As mentioned before, the inventive roof lining provides for improved protection in the head region of vehicle occupants, and this is due, in part, to the integral structure of the lining element and the impact-absorbing quality of frame cover 11. Additional benefits in this respect result from additional impact protection due to the lateral zones 111, 112 and the protruding front zone 115. A recessed area 118 can be provided to receive a flat hold or the like structure for storing road maps or other articles. If a rear-view mirror is to be mounted on the roof a flat socket for easy release of the rear-view mirror in case of an accident can be secured in bores 337. Such releasable mirror arrangements are known in the art.
Interior portions of front zone 115 can be designed to receive extractable and retractable functional elements 41, 42, i.e. adding such elements without creating potentially hazardous impact areas. According to a preferred embodiment of the invention, an extractable and retractable personal "make-up" mirror is provided at 41 or/and 42 as will be explained in more detail below.
In general, the inventive roof lining element will be mounted and secured near the roof of the cabin of an automotive vehicle, preferably an automobile, so that an interspace remains between the top surface of the lining and the cabin roof. In case of an accident, such as a heavy collision or an overturning of the vehicle, the inventive roof lining will function as an impact-dampening or shock-absorbing stratum in a manner analogous to the lining of anti-crash helmets or casques used by motorcyclists. While the lining has some resilience, it will be deformed by heavy impact and increase the period of deceleration of the impacting object. In order to maximize this function, all securing elements for connecting the roof lining element with the cabin roof are provided at or near the circumference of the lining, so that substantially the entire roofing or head region of the lining is not in direct contact with the cabin roof.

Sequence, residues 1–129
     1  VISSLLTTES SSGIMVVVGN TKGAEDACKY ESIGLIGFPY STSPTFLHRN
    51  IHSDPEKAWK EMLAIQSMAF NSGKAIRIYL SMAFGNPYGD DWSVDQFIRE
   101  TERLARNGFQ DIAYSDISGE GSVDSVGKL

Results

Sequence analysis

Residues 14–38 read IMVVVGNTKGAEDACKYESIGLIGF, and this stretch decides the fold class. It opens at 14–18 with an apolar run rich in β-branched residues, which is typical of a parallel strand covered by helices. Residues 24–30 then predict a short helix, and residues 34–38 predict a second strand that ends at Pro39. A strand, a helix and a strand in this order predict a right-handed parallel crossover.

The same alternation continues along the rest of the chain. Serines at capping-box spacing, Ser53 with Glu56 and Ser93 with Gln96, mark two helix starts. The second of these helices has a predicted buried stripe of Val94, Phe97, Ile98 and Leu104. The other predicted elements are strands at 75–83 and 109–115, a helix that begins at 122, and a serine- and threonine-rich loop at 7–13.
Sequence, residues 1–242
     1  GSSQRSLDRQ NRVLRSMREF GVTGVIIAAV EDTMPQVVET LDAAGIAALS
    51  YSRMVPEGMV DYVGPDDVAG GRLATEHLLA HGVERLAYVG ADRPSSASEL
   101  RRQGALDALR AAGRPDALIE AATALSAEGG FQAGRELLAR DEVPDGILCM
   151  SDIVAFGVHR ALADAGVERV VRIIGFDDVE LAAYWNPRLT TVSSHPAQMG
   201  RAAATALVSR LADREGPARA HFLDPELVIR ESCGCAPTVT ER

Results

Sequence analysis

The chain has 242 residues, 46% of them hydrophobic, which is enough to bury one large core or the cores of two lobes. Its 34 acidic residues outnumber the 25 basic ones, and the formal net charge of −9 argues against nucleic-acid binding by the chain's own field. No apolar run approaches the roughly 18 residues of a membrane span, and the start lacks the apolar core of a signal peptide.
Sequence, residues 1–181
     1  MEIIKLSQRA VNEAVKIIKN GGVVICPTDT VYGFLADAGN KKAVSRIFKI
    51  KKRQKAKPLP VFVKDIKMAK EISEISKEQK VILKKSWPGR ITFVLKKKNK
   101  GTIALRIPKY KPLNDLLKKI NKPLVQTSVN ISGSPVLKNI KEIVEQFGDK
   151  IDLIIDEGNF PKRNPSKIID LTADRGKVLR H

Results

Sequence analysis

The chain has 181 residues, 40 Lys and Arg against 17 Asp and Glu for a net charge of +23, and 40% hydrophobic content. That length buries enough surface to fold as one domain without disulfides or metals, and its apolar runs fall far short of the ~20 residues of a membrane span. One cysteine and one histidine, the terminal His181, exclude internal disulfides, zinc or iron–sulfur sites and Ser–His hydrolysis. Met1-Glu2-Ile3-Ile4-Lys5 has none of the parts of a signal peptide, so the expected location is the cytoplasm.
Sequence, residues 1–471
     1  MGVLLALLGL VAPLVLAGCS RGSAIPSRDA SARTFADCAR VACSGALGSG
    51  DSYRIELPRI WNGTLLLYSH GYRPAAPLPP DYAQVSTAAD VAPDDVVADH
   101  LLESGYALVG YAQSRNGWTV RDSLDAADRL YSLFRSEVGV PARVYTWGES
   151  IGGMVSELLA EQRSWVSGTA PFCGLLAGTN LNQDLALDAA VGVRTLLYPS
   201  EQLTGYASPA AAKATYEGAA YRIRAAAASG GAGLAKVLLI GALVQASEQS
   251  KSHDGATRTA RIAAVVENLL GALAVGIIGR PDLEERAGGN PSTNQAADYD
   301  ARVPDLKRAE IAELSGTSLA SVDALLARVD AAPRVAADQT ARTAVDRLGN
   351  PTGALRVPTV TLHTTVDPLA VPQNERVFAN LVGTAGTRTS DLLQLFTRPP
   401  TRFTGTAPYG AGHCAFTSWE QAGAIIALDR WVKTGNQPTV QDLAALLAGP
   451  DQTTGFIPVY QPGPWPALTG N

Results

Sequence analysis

By the same token, interconnection between frame and frame cover is preferably provided at or near the circumferential zones.
In a preferred method of manufacturing the inventive roof lining elements, the prefabricated frame 30 will be combined with a monolithic frame covering structure made of a fibrous mass or/and of foamed plastic to form an integral composite in which the lower side of the frame is provided with a substantially continuous surface in a distanced relation.
Suitable fibrous compositions and/or synthetic plastics compositions for the frame cover are those in the form of mono- or multi-layered strata or relatively soft boards on the basis of bonded natural or synthetic fibers, polyurethane, polyester and the like synthetic plastics with conventional and optionally reinforcing fillers, pigments, flame retardant additives, etc., including bonding agents, catalysts or blowing agents, as well as methods for processing or producing such strata in a mold-cavity or on a master are known in the art.